Originally published as two books (Bait Money and Blood Money) with a near-simultaneous release in 1973, Two For The Money compiles slightly altered 1981 editions of the two into a single book. Collins himself says they make the most sense together in the afterword, making a single volume out of the first two books of Collins’ noteworthy antihero Nolan. The novel(s) are well-rounded, fast-paced, and tightly knit; Collins is a master of dialogue and description, even at the age of twenty-two (these are his first published books, by the way), and makes true hardboiled novels with a side of humor. In the end, they make one great read; it has some minuscule flaws, especially when you’re chewing your way through the second helping, but this volume is entertaining and engaging. I couldn’t put it down even if I wanted to.
In Bait Money, Nolan is on the run from the mob, having left the organization after killing the brother of higher-up mafioso Charlie and making off with his money. Aging and looking to retire from his life of crime, Nolan attempts a deal with one of his remaining mob connections, and Charlie makes him a bargain: pay $100,000 in under a week. So, to pay off Charlie, Nolan sets off on the quintessential Last Big Heist, along with Jon, the nephew of his info contact, and some other amateurs. It’s a wonderful experiment in watching crime happen, with some great planning and a lot of lead-up. Normally, this can be a seriously tedious exercise, but Collins manages to make it work through some reoccurring characters and a cast of trouble: an ex-football star turned Mafia hitman, the angered doorman of Nolan’s last contact, and a lot of sex, drugs, and drama between the amateurs.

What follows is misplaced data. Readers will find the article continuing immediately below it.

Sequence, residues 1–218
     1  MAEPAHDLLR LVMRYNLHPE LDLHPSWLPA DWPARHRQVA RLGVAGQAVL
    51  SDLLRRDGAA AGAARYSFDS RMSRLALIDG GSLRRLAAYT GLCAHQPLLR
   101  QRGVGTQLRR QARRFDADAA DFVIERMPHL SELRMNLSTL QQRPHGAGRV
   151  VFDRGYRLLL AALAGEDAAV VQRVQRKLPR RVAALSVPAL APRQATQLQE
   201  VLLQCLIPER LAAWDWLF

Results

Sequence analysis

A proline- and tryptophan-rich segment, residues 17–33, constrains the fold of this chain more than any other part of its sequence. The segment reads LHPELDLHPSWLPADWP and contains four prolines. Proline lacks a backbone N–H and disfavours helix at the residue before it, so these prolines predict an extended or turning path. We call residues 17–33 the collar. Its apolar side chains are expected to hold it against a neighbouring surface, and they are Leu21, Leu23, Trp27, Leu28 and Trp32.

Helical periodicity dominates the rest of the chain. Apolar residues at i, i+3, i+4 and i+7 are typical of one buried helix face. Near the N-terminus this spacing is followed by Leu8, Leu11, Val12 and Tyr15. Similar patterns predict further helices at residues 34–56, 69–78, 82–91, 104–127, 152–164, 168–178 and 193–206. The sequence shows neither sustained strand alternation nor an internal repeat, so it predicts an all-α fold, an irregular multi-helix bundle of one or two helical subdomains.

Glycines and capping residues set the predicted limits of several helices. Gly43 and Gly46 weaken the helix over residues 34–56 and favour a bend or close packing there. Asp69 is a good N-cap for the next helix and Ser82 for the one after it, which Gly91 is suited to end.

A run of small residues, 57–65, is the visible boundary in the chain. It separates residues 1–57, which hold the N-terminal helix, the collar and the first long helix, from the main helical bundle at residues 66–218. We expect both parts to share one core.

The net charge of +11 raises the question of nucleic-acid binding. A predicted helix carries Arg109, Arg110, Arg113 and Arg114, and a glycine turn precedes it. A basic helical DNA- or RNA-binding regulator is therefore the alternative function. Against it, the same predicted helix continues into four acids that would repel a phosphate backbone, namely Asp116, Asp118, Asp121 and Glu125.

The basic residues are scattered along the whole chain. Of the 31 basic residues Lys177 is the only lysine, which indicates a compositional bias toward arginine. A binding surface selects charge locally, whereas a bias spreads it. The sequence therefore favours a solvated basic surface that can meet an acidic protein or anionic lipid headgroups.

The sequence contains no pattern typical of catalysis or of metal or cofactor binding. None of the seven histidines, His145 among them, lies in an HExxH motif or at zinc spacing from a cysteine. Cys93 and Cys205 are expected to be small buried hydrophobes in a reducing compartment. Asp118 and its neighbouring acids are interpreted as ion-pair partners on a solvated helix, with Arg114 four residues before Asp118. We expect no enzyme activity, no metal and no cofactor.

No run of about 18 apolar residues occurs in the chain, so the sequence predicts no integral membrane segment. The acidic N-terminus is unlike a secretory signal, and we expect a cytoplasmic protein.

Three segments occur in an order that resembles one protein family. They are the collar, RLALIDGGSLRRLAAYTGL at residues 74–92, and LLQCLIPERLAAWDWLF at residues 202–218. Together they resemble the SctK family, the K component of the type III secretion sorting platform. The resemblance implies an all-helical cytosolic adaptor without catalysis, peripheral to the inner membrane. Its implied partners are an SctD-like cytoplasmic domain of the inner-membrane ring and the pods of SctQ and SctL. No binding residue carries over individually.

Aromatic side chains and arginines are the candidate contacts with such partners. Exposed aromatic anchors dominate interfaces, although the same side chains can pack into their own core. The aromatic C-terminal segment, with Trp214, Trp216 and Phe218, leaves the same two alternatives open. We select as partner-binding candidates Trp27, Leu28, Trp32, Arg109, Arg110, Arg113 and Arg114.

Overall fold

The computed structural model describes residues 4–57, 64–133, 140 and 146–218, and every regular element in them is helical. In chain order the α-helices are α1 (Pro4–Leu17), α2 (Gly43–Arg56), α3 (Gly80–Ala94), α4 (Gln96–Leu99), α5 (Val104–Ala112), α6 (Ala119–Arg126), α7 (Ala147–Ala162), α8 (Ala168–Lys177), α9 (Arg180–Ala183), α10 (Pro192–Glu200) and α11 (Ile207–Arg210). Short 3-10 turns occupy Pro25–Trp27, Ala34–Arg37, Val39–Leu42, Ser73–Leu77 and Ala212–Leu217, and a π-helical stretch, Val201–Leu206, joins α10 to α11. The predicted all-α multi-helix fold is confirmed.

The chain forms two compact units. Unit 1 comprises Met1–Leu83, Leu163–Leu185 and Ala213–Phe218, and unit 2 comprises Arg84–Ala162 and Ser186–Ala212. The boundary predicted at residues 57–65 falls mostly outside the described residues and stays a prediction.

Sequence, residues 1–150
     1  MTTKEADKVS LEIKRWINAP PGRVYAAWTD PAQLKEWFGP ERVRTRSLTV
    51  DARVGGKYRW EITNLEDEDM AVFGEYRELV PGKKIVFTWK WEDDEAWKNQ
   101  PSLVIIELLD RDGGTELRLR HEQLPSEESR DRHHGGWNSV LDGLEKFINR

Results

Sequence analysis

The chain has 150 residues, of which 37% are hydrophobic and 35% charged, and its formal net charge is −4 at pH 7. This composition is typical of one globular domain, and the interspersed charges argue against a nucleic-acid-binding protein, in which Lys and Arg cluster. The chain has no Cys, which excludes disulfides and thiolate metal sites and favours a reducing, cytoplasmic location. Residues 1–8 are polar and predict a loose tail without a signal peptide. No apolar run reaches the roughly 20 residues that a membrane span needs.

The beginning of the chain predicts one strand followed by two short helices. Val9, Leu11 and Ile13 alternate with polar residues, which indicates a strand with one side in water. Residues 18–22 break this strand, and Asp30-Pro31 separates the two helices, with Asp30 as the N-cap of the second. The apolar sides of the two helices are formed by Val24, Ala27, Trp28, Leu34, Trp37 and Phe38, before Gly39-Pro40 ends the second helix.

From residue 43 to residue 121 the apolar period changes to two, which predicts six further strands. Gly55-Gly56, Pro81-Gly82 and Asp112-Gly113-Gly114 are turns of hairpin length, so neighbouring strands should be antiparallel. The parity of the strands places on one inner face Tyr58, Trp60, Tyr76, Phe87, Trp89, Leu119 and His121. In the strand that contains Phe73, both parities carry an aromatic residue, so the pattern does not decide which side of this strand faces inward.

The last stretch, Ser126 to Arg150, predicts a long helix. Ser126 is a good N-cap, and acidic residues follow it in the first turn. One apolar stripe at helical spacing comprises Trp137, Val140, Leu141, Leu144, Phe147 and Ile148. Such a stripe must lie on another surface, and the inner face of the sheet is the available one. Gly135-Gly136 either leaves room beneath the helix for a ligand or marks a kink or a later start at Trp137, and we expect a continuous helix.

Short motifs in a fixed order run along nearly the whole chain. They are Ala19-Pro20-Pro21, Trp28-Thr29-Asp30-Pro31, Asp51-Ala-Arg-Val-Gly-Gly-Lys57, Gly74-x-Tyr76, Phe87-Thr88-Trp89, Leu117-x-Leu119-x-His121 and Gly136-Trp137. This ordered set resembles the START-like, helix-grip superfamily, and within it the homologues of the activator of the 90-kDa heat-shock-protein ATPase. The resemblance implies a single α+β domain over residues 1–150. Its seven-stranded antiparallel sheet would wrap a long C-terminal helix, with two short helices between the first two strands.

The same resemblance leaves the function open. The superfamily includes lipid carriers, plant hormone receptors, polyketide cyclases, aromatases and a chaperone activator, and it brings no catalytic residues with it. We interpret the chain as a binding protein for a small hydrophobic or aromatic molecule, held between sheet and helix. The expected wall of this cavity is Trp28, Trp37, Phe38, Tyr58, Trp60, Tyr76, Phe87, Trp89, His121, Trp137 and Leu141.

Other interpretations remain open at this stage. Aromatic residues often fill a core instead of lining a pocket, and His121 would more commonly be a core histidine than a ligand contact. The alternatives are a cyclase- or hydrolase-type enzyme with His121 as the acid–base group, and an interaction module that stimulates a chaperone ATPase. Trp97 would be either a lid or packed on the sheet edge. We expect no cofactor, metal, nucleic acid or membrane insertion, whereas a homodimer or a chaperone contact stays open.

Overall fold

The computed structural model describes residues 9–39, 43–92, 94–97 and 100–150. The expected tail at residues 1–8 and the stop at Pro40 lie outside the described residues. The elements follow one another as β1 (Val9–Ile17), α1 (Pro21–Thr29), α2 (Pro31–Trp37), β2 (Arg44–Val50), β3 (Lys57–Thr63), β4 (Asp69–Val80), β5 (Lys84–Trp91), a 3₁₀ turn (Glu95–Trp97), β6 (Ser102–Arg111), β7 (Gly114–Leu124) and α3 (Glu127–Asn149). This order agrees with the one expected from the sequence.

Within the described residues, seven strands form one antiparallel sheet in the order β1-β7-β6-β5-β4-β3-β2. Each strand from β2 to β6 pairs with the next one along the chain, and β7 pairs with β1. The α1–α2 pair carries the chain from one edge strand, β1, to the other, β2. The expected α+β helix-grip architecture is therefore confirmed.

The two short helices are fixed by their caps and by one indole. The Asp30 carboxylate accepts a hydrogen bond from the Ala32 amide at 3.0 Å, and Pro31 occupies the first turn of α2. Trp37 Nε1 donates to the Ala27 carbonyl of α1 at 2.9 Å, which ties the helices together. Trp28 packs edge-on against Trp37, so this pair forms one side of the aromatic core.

Blood Money picks up shortly after the first book ends; one of the more important secondary characters from the first book is offed, and the killer makes off with a lot of Nolan’s retirement fund. Now, it’s time for revenge; Nolan begins tracking down the killer, only to find out that he’s not the only one searching. It’s got less planning, more action, and a slightly slower start, even with the aforementioned killing and robbing. Blood Money has a notable amount of exposition compared to the first book, and by now some of Collins’ (early?) stylistic choices begin to show up in full force (starting a chapter with a scene only to divulge into exposition of how the characters got to that scene while said characters eat a sandwich, which seems to happen about every other chapter). It’s a little weaker than the first book, and the various “big reveals” aren’t as big or revealing as one would hope, but in the end the book is still solid.
I’ve noticed in a lot of debut novels from young (later famous) authors that there’s a definite enthusiasm, mixed with a lot of creativity, brought down by an abundance of cliches/genre tropes and a few rookie mistakes or just plain bad decisions—something like a learning experience, since they’re mistakes not repeated. In Max Allan Collins’ case, the enthusiasm is there, as are some of the cliches, but the mistakes aren’t. (Also, some imitation, in that Nolan’s reminiscent of Richard Stark/Donald Westlake’s Parker.
This is a fine book, two engrossing novels in one: the bank heist is engrossing and well-planned, but not without twists, and its sequel is laden with action, violence, and revenge. Back to back high entertainment. The first novel is great, and while the second one isn’t as good, and has a number of flaws, it’s no slouch either. To be honest, the major complaints I have are 1.) I wish this double was a dos-a-dos double, and 2.) the cover art is underwhelming at best. Not that they are the non-plus-ultra of crime novels, but they make a stunning debut.